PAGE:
The research developed in this thesis explores the sensing and inference of human movement in a dynamic way, as opposed to conventional measurement systems, that are only concerned with discrete evaluations of stimuli in sequential time. Typically, conventional approaches are used to infer the dynamic movement of the body; such as vision and motion tracking devices, with either a human diagnosis or complex image processing algorithm to classify the movement. This research is therefore the first of its kind to attempt and provide a movement classifying algorithm through the use of minimal sensing points, with the application for this novel system, to classify human movement during a golf swing. There are two main categories of force sensing. Firstly, array-type systems consisting of many sensing elements, and are the most commonly researched and commercially available. Secondly, reduced force sensing element systems (RFSES) also known as distributive systems have only been recently exploited in the academic world. The fundamental difference between these systems is that array systems handle the data captured from each sensor as unique outputs and suffer the effects of resolution. The effect of resolution, is the error in the load position measurement between sensing elements, as the output is quantized in terms of position. This can be compared to a reduced sensor element system that maximises that data received through the coupling of data from a distribution of sensing points to describe the output in discrete time. Also this can be extended to a coupling of transients in the time domain to describe an activity or dynamic movement. It is the RFSES that is to be examined and exploited in the commercial sector due to its advantages over array-based approaches such as reduced design, computational complexity and cost.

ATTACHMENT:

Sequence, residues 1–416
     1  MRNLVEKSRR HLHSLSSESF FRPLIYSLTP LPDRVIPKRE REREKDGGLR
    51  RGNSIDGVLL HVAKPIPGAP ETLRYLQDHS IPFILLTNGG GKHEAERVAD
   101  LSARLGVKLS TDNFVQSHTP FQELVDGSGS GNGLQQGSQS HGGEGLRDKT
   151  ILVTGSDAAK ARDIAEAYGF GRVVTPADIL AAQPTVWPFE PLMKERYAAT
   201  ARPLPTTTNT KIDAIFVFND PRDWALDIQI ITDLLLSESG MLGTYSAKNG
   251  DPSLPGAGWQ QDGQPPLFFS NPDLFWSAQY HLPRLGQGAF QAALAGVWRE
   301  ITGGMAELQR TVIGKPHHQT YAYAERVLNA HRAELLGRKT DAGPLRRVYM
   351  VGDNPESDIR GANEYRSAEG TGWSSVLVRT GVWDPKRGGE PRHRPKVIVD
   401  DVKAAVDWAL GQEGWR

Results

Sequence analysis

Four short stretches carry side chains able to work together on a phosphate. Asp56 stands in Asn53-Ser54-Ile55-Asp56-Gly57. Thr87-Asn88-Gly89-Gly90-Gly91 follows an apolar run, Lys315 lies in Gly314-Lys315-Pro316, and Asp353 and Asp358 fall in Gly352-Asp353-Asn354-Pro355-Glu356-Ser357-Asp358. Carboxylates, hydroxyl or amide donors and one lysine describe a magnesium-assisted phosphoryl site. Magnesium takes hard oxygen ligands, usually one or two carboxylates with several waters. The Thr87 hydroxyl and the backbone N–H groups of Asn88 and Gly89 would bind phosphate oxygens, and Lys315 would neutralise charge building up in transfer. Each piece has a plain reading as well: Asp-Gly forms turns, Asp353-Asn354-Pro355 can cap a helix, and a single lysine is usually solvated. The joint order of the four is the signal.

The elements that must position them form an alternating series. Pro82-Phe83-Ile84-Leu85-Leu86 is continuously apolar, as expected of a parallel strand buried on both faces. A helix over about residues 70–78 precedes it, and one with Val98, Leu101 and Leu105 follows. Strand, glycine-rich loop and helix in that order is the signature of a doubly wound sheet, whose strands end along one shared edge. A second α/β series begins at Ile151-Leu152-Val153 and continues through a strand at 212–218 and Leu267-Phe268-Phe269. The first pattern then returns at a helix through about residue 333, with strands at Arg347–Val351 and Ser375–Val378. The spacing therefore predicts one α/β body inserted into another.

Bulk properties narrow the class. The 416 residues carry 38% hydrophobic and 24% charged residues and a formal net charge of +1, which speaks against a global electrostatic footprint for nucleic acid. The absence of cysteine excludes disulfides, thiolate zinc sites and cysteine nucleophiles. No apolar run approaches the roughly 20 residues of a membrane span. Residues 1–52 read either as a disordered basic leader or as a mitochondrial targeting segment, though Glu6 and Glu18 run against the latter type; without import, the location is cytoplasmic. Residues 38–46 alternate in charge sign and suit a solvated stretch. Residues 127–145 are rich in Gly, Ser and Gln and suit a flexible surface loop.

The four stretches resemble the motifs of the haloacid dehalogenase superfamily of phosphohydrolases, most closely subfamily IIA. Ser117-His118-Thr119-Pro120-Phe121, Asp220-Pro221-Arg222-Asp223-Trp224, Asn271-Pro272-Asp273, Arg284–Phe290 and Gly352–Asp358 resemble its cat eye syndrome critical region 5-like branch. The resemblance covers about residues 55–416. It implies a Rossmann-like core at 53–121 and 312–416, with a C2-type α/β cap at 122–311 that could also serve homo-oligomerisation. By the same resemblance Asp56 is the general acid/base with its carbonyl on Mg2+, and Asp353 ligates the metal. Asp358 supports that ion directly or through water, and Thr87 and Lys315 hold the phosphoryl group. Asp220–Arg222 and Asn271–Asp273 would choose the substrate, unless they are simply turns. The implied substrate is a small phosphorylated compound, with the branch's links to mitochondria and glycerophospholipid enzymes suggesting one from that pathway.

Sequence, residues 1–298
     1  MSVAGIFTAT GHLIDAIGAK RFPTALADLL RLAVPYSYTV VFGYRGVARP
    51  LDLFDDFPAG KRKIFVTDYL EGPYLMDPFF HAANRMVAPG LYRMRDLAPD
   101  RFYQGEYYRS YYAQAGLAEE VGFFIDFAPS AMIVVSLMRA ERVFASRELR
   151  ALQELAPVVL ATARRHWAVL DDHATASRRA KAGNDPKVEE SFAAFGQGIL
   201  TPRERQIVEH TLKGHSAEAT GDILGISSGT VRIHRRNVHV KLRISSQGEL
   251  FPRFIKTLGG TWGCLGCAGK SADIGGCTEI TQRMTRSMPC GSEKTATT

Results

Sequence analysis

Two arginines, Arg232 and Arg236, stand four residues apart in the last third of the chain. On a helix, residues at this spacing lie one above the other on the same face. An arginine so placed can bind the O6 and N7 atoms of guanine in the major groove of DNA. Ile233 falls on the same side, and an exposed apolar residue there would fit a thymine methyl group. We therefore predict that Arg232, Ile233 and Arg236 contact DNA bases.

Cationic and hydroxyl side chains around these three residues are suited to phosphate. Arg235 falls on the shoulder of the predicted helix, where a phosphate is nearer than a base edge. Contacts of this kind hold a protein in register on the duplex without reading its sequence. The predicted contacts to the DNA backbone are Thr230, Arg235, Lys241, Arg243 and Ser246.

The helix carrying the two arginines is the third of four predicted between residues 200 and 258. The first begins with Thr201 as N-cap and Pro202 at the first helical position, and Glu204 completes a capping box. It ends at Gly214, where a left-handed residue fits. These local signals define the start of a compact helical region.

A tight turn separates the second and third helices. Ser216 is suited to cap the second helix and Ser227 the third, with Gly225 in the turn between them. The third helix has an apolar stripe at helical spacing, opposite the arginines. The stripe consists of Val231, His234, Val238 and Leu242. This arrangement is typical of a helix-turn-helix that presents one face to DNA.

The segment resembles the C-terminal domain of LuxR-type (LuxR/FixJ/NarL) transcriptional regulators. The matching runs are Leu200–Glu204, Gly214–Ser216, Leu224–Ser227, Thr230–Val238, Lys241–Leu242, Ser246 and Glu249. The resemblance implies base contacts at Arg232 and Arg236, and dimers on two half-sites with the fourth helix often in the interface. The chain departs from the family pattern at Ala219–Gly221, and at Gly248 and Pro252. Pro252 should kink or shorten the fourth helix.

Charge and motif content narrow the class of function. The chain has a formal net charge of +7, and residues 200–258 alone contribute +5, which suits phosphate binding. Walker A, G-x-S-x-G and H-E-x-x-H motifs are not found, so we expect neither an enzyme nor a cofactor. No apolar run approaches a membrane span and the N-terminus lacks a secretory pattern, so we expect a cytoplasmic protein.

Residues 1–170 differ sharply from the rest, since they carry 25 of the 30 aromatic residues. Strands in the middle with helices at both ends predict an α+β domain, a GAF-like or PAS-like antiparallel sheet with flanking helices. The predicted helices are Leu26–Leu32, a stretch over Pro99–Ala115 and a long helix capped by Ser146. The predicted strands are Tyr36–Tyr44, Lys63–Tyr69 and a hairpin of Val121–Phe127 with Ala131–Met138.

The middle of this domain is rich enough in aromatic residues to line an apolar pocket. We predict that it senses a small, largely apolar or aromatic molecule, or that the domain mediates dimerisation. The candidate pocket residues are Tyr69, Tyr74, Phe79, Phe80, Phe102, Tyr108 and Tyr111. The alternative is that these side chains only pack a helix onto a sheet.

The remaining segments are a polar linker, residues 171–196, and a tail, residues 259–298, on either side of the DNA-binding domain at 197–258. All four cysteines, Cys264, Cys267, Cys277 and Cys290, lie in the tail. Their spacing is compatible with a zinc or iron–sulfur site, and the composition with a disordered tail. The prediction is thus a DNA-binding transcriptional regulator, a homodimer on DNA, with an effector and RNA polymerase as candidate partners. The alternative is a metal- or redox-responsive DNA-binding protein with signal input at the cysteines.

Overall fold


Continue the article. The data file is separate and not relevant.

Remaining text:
|Date of Award||Apr 2006|
|Supervisor||John E.T. Penny (Supervisor)|
- Force sensing
- human body movement